Reading Writing Revolution : Thee Faction

Owen Jones was only this week bemoaning the lack of mainstream political bands in recent years. If you ignore the Manics and their legacy, and the fact that his soppy Labour Party thinking seems to make him consider Red Wedge to have been more influential and effective than Rock Against Racism / Love Music Hate Racism, it was generally a sensible article.

If not very original.

Let's hope it'll soon be out of date though.

One band that might make this happen are one he had to apologise to for omitting.

Thee Faction have been ploughing their rabble rousing garage-y 'Socialist rhythm and Blues' for 5 years, bringing down the Tories one song at a time. They have made quite an impact on the critics and the organised left with their brass fuelled, irresistibly jiggy 'beats to burn bankers by' (Nicky Tesco, The Members) being present at protests everywhere from Burston to Tolpuddle, Orgreave to Oxford Street.


With 'Reading Writing Revolution', they have produced their most polished, accessible, danceable and possibly commercial record to date. And without comprimising the hard hitting politics one jot. First single 'Chose Your Enemy' is a perfect example – sounding like The Housemartins pushed onto the streets by The Redskins, or The Larks in a United Front agitating with Chumbawamba during their most commercially successful phrase, the track yells 'hit'.

Yet the song is all about bashing the bastards that hold us down.

Other stand out tracks are 'Rent Strike', 'Police State' and 'Equality', while 'Strictly Come Marching' shows that Thee Faction have not lost their essential sense of humour, poking fun at those who rule and ruin us. 'Bastards' is an angry punky romp while 'Bubble' is a mostly gentle acoustic paean to freedom, in all its meanings. The album rants and rocks and preaches and pogos and hectors and harmonises and tootles and takes a stand, like Joe Strummer duetting with The Supremes – what Trotsky would have listened to in that Finnish hotel room before returning to the struggle (2). It's highly enjoyable, dangerously tuneful, subversively catchy and dialectically danceable, as well as being (as the title implies) properly educational - thought provoking and agitational.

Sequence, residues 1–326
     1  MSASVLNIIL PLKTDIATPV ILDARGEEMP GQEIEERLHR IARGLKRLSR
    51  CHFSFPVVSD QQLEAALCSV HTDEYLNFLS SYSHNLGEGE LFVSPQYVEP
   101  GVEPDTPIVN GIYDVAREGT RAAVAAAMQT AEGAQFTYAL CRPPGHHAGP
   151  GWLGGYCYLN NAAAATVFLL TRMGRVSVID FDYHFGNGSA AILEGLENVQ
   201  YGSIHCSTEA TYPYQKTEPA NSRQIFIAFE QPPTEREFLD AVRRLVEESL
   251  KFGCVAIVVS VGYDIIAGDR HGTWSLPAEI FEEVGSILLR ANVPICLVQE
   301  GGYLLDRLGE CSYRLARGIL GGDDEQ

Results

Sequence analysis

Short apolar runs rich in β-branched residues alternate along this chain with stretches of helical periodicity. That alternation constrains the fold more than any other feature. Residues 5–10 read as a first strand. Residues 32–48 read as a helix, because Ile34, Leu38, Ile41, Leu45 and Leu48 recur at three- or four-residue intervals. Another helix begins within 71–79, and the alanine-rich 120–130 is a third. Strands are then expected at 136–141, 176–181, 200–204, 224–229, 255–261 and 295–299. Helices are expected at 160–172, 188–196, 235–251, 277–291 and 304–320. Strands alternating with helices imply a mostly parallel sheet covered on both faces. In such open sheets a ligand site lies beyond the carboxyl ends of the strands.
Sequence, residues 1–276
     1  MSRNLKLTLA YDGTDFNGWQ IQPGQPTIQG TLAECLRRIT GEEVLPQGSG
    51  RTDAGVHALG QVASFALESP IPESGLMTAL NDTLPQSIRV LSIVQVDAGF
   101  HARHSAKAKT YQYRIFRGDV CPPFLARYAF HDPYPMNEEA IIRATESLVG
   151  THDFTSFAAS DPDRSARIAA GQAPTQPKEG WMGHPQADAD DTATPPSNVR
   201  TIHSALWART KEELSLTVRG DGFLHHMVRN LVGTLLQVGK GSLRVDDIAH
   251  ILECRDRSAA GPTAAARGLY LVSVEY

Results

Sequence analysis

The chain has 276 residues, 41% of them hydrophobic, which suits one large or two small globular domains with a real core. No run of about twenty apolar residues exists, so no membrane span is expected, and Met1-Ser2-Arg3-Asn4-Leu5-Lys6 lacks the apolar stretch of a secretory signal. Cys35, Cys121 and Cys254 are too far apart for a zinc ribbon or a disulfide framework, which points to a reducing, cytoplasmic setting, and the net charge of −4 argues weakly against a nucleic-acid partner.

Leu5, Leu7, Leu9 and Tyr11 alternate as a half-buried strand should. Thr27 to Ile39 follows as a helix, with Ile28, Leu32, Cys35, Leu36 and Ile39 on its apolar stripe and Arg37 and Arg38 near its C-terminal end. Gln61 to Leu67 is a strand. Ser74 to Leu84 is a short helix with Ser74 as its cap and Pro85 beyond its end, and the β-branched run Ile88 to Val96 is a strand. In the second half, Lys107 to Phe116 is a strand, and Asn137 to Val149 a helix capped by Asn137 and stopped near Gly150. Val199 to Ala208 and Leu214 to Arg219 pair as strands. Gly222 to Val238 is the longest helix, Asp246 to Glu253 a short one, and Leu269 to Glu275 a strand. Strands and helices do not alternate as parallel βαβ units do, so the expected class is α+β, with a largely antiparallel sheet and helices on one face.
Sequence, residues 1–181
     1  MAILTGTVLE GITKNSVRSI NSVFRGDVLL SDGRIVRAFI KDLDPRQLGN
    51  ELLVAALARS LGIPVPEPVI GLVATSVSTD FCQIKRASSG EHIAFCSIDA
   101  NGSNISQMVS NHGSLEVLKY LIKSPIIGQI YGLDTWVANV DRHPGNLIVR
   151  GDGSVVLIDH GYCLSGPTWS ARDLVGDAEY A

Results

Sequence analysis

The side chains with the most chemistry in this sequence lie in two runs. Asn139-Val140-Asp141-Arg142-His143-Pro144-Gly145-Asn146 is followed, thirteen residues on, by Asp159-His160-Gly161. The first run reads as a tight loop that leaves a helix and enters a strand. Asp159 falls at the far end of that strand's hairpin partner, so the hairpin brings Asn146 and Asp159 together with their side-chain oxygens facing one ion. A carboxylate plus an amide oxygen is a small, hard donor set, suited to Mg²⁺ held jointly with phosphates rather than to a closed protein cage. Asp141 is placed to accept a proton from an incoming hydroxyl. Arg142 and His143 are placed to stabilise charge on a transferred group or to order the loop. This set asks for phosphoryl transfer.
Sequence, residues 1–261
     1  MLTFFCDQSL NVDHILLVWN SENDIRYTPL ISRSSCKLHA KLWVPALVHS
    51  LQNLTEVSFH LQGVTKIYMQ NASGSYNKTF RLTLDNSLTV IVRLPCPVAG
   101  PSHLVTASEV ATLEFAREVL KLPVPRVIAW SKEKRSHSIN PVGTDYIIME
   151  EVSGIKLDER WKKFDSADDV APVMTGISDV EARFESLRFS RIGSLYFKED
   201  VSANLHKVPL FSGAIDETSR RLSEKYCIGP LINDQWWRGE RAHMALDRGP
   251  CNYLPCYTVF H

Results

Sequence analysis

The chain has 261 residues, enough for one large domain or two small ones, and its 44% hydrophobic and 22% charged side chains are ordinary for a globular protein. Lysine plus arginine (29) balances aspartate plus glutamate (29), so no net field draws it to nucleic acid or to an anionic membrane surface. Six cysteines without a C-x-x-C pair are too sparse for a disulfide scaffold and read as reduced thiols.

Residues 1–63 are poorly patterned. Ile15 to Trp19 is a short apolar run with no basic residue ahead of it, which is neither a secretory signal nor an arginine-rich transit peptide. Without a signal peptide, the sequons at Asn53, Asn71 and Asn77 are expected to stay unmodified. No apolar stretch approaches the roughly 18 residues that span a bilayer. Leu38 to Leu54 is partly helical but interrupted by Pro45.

As I listen it to it, it is the night of the debate between the party leaders. Their muted mouths gyre and gimble in meaningless rehearsed improvisation, studied sincerity.

In a fair society those speaking against the current system would get as much air time as those wanting to defend it. Instead tonight we have 7 talking heads saying more or less the same thing in defence of the status quo.

In a fair society, songs as good as Thee Factions would get a similar exposure to the billion brands of brain dead identikit Idol Pop pap we are generally blasted with to keep us in our place. This record deserves to be number one in election week to show that yes there is an alternative, we don't all have to sit back and relax and take their crap. To show that, yes, political music does need to make a come back.

But I am enough of a realist to know that this won't happen; I have had enough brushes with the music biz to know that it's not talent or songs or passion or truth, but who you know and whose arse you kiss that secures success.

As I said, even Owen Jones omits to mention Thee Faction.

However we can all do our bit – make a stand against racism, join a Trade Union, organise a petition against an injustice, don't let the big wigs push you around at school or college or work.

Think for yourself. Be a creator not a consumer, a doer not a ditherer, an activist not an audience.

And do it all to the soundtrack of this album.

This record has helped clear the muck of ages coming from the leaders' debates out of my system.

So, as someone once said, 'ten out of ten and fuck the marking system'! (2)

Rosey R*E*P*E*A*T

You can download the single 'Chose Your Enemy' for free and order the album here

(1) See Leon Trotsky : My Life, end of chapter 13
(2) NME review of Generation Terrorists, Barbara Ellenm 1992